A resistance-beating habit makes all the difference. The momentum can be tremendous.
We did a show recently, called Skyscrapers of the Midwest, that required every bit of effort we had to pull it off. Seriously, our tanks were way below empty by the time we were finished. And it was totally worth it.
I remember there coming a point about 10 days from the end, when several of us went straight past the point of rational, determined resistance-beating to a mind-set where resistance could barely touch us. We started laughing at danger and dining on anything resistance threw in our paths.
It wasn’t that the work became easy, that certainly wasn’t the case. It was as-if by consistently beating resistance with constant effort for the previous three hellacious weeks, we reached a plateau from which we could look down on the ordinary resistance we had faced and realize how paltry it’s efforts actually.
Of course, on that plateau, we faced a big boss battle. Myself and two other people in particular were worked from 6am on opening day right up until the moment (this is not an exaggeration in any way, shape, or form) that we opened the theater doors, and even after that. It was incredible, and incredibly rewarding.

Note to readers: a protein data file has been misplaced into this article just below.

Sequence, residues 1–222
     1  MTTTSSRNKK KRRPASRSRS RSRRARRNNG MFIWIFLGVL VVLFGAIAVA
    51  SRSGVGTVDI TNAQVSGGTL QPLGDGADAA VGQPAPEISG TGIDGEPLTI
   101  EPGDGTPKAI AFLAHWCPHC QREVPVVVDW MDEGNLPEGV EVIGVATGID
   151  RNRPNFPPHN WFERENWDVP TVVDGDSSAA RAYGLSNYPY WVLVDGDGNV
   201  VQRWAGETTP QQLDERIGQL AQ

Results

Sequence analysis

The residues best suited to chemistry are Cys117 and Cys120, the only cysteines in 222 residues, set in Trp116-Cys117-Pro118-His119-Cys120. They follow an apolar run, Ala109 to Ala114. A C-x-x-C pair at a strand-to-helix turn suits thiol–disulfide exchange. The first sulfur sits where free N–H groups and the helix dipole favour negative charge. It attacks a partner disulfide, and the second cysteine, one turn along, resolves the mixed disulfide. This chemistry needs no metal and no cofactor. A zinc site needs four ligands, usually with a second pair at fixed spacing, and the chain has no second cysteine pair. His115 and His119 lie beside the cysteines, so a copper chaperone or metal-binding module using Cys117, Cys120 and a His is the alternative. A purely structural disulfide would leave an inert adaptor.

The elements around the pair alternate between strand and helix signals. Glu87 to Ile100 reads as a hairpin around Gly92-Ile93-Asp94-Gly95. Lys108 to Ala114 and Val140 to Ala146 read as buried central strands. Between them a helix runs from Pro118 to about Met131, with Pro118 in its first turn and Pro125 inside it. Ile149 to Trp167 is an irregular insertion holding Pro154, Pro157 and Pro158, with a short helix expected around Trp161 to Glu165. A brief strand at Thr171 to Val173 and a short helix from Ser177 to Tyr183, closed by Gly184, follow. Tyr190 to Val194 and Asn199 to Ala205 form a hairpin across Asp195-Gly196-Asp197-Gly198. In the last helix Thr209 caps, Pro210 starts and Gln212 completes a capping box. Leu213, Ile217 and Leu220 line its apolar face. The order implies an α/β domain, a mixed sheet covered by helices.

But we certainly wouldn’t have survived opening day without the plateau, and it weeks of brutal, misery-making slogging through the jungle to get to the plateau.
(And, once we rested, we didn’t get to start from the plateau, or even celebrate our boss battle. We started right back at the beginning, about to enter the jungle and get covered in leeches all over again.)
If you’ve worked at an incredibly busy restaurant, you may have experience a version of that plateau. On absolutely crazy days, like New Years Eve or Easter or Parents’ Weekend (for the Kona fans) you cook your ass off (or run your ass off) in a total panic for a couple of hours, but before long you realize that it’s hopeless, that those individually frustrating orders or customers are barely worth your notice. You stop sweating the small stuff, and start focusing on the bigger challenge, survival. Your focus shifts entirely, and when everyone reaches that plateau together, you can even start to have fun, right there in the seventh circle of hell. I don’t work in restaurants anymore, but I look back on those crazy days with fondness, believe it or not.
As for that show, when it opened successfully and when we could breathe long enough to take pride in our work, we bowed to resistance, our sensei, and we were thankful for our most worthy adversary.